Solar customers who filed an interconnection agreement between November 15, 2017 and October 30, 2020 are grandfathered into the Transition Program until January 1, 2033. The Transition Program provides a credit for each kilowatt-hour exported to the grid that equals 90 – 92.5% of a customers’ average retail rate for electricity. Exported energy is netted against energy purchased from the utility on a 15-minute basis. Table 1 provides specific export credit values for each type of utility customer. Net metering is no longer available to new customers.

Table 1: Export Credit Values for Transition Program Customers

ScheduleExport Credit for solar (¢/kWh)Average Electricity Price from RMP (¢/kWh)
Residential (1, 2, 3)9.2 cents10.2 cents
Medium Commercial (6)3.4 cents3.7 cents
Medium Commercial  Energy Time of Day (6A)6.6 cents7.1 cents
Medium Commercial Demand Time of Day (6B)3.4 cents3.7 cents
Large Commercial (8)3.5 cents3.8 cents
Metered Outdoor Nighttime Lighting (15)4.9 cents5.3 cents
Traffic and Other Signal Systems (15)7.8 cents8.4 cents
Irrigation (10)5.6 cents6.1 cents
Small Commercial (23)8.2 cents8.9 cents

Not a Rocky Mountain Power Customer

Many municipal utilities offer a 1:1 credit for solar kilowatt-hours exported to the grid, a policy known as net metering. Review your municipal utility’s solar policy to learn more. Always contact your municipal utility before installing solar to ensure you have up-to-date information on their solar policy and are in compliance with your utility’s specific requirements.

Bountiful

Bountiful City has implemented a Feed-in Tariff (FIT) for new solar customers. Also known as a “buy-all, sell-all” arrangement, a FIT requires rooftop solar customers to sell all of the electricity they produce to the utility. In this case, Bountiful solar residents must purchase electricity from the utility at the retail rate, and sell the solar energy produced by their system at a reduced rate. The FIT took effect on June 1, 2017.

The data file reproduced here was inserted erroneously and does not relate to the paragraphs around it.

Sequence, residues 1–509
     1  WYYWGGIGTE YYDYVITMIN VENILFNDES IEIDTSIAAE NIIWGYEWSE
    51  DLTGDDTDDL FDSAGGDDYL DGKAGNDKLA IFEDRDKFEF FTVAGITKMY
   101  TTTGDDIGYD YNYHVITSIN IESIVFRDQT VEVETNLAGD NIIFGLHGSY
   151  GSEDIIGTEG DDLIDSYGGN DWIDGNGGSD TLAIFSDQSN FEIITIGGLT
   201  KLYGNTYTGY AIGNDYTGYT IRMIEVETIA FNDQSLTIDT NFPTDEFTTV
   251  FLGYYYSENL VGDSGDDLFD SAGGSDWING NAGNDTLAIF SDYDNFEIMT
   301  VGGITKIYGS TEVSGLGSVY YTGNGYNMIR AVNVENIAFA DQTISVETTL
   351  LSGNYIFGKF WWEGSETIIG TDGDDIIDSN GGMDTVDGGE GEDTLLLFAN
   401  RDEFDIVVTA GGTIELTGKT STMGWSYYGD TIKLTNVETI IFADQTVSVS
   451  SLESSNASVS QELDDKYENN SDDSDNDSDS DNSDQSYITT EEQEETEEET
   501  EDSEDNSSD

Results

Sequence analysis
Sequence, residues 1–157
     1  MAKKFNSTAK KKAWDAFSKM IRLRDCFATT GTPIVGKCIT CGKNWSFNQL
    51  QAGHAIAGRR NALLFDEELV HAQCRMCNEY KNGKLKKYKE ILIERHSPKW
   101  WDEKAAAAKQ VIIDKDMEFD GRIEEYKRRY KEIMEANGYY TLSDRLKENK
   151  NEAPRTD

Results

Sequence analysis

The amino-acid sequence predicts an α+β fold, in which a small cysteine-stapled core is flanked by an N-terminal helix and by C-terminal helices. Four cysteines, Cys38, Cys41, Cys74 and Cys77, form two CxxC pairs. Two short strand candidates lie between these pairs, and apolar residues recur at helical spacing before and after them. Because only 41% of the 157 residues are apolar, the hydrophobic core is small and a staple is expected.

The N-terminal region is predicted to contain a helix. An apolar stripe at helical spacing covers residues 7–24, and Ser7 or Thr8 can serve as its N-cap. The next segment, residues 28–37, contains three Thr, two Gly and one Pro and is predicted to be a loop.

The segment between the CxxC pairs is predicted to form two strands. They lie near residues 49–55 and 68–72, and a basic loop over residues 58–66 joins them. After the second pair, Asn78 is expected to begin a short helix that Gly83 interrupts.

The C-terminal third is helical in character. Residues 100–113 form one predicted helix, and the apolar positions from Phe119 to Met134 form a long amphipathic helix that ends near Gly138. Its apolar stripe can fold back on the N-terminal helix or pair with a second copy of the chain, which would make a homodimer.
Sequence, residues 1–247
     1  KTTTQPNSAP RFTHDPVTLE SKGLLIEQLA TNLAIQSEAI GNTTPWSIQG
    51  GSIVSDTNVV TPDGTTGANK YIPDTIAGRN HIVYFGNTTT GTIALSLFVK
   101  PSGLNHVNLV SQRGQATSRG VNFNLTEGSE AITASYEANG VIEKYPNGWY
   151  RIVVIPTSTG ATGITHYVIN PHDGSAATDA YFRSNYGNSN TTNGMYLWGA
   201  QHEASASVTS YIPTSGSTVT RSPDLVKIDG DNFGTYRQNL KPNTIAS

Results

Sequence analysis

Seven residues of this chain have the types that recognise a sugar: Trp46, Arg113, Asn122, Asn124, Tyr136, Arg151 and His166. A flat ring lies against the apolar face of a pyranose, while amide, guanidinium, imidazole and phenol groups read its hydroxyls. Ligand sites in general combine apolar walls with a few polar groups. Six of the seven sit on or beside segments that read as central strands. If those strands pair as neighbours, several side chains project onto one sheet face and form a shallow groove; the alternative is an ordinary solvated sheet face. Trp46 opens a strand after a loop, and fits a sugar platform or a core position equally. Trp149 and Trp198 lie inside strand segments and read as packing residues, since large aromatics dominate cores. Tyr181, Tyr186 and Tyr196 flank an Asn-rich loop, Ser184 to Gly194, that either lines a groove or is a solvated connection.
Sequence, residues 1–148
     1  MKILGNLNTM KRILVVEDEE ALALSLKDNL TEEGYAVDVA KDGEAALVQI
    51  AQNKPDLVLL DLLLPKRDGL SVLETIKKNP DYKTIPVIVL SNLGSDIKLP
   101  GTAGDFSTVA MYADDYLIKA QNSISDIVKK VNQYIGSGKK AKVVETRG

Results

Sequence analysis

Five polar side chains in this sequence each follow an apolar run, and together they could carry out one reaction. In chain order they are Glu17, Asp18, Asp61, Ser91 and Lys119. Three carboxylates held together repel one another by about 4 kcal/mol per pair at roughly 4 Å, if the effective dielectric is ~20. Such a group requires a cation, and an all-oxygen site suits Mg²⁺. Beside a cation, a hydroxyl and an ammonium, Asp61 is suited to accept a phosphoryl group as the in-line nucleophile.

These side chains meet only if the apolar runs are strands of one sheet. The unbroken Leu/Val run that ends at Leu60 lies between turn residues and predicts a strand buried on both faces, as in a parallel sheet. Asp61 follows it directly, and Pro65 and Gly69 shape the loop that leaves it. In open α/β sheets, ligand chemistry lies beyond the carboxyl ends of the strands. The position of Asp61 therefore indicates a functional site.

• The rates are as follows
    • Midnight – noon: 4 cents / kWh
    • Noon –  4PM: 6 cents / kWh
    • 4PM – Midnight: retail rate (9.25 cents / kWh)

Lehi

Lehi City allows net metering for solar projects less than 10 kilowatts. On May 9, 2017, the Lehi City Council approved a new, additional solar policy that allows City customers to sell solar power to the City at a fixed price through a Feed-in Tariff. Smaller solar installations (less than 10 kW) receive 5 cents per kilowatt-hour for the power they generate, and larger solar installations (10 kW – 1,000 kW) receive 4 cents per kilowatt-hour. The new policy also allows the City Council to adjust the price up or down in the future.

Provo

Provo Power offers a solar export credit. Provo Power residential customers purchase energy for 8.7 – 12 cents per kilowatt-hour, depending on how much energy is used, and solar customers are compensated 6.7 cents for each kilowatt-hour exported to the grid.

Kaysville

The Kaysville Power Commission provides a solar export credit for new rooftop solar customers. Customers are charged a tiered rate for their electricity depending on how much energy they use and a fixed solar export rate. Customers using less than 1,000 kWh per month pay 8.6 cents per kilowatt. Customers using over this amount pay 9.7 cents per kilowatt of energy. Solar customers receive a credit of 6.6 cents per kilowatt they send to the grid.